Oracle Court Battles not Deterring Investors before Q4 Earnings Call
Oracle has been tangled up with several court battles through this this year and late 2010. That includes SAP, Hewlett-Packard and Google, and the search giant has billions of ad revenue now at stake.
Oracle sued Google last year in claims that Dalvic, the processing virtual machine used for Android, infringes on several Java patents. In the latest twist to the case, the company filed new court papers that reveal the scale of its lawsuit: billions of dollars in damages.
“Oracle’s damages claims in this case are in the billions of dollars,” the company said in a filing, arguing that its demands “are based on both accepted methodology and a wealth of concrete evidence.”
Oracle is also trying to prevent Google from filing under seal documents. In response Google said the company’s claims are exaggerated and that its expert testimony should be excluded, further boosting an effort also supported by an earlier document.
Hewlett-Packard is also firing back on Oracle for shutting down software development for the former’s Itanium chip, though all this action doesn’t seem to be bothering investors too much. Oracle is prepping for its earnings call, and it’s expected to show some positive numbers. Forbes cited that the company’s monetization of the Sun deal has been turning a loss in revenues into profit, and that Exadata and Exalogic saw revenue growth of 50 percent in the previous quarter.
Along with lawsuits and earnings calls, Oracle – just like its competitors – also focuses on several community improvement initiatives. Its latest one is the welcoming of 55 Chicago teachers to the Oracle Academy Instructors’ Institute.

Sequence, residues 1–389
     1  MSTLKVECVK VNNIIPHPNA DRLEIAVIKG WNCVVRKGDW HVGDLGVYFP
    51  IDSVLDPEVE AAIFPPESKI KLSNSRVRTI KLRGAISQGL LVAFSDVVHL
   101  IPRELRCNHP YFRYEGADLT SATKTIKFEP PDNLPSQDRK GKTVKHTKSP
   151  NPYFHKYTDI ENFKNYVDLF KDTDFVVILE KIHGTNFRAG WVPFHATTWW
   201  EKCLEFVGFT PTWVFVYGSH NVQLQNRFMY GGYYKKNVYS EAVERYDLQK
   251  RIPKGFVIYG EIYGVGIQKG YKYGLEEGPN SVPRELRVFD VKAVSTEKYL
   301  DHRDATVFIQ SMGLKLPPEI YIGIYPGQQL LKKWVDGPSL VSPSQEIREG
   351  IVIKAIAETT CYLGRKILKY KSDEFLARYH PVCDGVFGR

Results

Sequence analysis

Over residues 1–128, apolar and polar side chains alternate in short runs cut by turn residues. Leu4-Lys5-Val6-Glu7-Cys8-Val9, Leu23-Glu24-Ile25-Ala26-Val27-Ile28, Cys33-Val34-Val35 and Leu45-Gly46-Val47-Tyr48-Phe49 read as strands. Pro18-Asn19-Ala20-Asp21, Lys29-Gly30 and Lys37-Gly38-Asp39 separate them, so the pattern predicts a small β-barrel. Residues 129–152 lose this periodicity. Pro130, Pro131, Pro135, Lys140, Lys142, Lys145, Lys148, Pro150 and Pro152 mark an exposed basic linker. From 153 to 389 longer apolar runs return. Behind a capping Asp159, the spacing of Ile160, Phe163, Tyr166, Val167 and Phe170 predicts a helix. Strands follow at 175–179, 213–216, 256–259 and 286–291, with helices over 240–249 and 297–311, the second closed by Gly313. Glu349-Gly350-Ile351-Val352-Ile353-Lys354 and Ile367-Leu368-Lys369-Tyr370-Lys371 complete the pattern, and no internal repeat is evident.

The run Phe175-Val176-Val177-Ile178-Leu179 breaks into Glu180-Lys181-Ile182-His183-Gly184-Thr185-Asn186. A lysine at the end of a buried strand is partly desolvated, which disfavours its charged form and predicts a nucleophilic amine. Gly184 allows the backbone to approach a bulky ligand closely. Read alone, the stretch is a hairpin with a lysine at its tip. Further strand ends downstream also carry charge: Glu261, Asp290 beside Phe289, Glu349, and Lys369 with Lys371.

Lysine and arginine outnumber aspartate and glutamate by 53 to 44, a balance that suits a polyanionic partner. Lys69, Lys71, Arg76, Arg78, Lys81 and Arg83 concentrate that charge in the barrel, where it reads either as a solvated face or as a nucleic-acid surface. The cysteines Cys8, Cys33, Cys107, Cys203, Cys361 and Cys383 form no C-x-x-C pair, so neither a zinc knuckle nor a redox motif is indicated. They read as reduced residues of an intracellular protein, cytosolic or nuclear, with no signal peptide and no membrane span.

Approaching this theme from a different angle, Oracle’s VC arm is just one of a few major tech companies participated in iControl’s $50 million Series D funding round. iControl’s offerings let users remotely manage lights, connected thermostats, smart appliances, and so on. This concept, which recently landed the company a hefty contract with Comcast, caught the eye of Cisco, the Kleiner Perkins Caufield & Byers iFund, Intel Capital and others.
Since you’re here …
Show your support for our mission with our one-click subscription to our YouTube channel (below). The more subscribers we have, the more YouTube will suggest relevant enterprise and emerging technology content to you. Thanks!
Support our mission: >>>>>> SUBSCRIBE NOW >>>>>> to our YouTube channel.
… We’d also like to tell you about our mission and how you can help us fulfill it. SiliconANGLE Media Inc.’s business model is based on the intrinsic value of the content, not advertising. Unlike many online publications, we don’t have a paywall or run banner advertising, because we want to keep our journalism open, without influence or the need to chase traffic.The journalism, reporting and commentary on SiliconANGLE — along with live, unscripted video from our Silicon Valley studio and globe-trotting video teams at theCUBE — take a lot of hard work, time and money. Keeping the quality high requires the support of sponsors who are aligned with our vision of ad-free journalism content.